wool comes not to market
sheep bringeth no grain with usura
Usura is a murrain, usura
blunteth the needle in the the maid's hand
and stoppeth the spinner's cunning. Pietro Lombardo
came not by usura
Duccio came not by usura
nor Pier della Francesca; Zuan Bellin' not by usura
nor was "La Callunia" painted.
Came not by usura Angelico; came not Ambrogio Praedis,
Came no church of cut stone signed: Adamo me fecit.
Not by usura St. Trophime
Not by usura St. Hilaire,
Usura rusteth the chisel
It rusteth the craft and the craftsman
It gnaweth the thread in the loom
None learneth to weave gold in her pattern;
Azure hath a canker by usura; cramoisi is unbroidered
Emerald findeth no Memling
Usura slayeth the child in the womb
It stayeth the young man's courting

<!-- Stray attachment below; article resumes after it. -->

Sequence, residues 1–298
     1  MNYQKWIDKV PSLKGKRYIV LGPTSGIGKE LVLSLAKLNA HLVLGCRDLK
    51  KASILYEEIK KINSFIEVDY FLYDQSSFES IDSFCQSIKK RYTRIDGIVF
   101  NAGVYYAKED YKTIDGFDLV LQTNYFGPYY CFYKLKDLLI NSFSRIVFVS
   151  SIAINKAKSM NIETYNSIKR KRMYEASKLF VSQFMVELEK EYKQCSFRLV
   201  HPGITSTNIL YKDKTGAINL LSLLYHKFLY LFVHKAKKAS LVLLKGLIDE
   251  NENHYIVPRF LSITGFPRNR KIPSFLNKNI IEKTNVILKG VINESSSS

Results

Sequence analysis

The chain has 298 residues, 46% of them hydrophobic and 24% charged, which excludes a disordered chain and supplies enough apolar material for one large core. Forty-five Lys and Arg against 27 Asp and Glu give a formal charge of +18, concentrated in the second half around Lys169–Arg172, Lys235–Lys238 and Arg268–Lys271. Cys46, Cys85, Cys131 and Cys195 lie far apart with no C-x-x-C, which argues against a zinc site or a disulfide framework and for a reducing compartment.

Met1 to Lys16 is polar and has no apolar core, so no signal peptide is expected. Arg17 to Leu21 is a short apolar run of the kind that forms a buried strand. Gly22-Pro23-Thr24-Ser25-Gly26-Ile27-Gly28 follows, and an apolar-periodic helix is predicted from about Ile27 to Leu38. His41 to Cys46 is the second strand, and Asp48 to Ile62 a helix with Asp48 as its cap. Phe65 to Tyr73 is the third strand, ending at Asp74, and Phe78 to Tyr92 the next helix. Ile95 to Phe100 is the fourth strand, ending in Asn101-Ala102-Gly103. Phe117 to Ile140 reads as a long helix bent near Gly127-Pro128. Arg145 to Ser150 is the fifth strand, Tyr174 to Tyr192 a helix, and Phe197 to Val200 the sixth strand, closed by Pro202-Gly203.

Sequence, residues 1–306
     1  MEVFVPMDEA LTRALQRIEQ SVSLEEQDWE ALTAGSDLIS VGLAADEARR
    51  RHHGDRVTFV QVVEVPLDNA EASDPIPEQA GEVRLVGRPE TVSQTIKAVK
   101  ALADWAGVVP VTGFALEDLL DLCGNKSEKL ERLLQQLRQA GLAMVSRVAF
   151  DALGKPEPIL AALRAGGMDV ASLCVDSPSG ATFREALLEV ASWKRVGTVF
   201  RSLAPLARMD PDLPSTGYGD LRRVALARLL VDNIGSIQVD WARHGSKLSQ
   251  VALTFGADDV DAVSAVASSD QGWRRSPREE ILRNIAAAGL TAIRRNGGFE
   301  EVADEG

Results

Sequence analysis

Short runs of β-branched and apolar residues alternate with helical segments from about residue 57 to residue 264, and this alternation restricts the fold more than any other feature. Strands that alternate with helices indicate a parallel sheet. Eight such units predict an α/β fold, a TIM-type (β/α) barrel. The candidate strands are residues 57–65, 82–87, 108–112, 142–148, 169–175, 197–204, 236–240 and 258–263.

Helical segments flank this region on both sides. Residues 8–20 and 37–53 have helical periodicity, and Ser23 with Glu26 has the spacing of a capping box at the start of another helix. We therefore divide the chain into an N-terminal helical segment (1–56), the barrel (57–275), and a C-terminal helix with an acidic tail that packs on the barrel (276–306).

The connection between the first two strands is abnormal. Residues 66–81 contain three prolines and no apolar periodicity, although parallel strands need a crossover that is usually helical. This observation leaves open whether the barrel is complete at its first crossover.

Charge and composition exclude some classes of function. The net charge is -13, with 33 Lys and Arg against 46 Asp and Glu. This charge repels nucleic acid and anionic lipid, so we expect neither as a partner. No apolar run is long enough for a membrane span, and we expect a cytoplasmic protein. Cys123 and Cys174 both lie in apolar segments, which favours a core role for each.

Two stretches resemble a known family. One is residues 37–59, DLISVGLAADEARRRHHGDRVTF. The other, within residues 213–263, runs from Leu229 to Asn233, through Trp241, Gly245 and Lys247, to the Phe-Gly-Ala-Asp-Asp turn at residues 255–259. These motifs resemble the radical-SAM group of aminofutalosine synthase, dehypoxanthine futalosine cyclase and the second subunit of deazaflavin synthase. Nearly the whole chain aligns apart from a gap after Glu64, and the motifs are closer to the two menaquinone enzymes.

It hath brought palsey to bed, lyeth
between the young bride and her bridegroom
               CONTRA NATURAM
They have brought whores for Eleusis
Corpses are set to banquet
at behest of usura.

Usury: A charge for the use of purchasing power, levied without regard to production; often without regard to the possibilities of production. (Hence the failure of the Medici bank.)


Originally Published: October 5th, 2008

Linh Dinh was born in Saigon, Vietnam in 1963, came to the U.S. in 1975, and has also lived in Italy and England. He is the author of two collections of stories, Fake House (Seven Stories Press 2000) and Blood and Soap (Seven Stories Press 2004), and the novel Love...

  1. October 5, 2008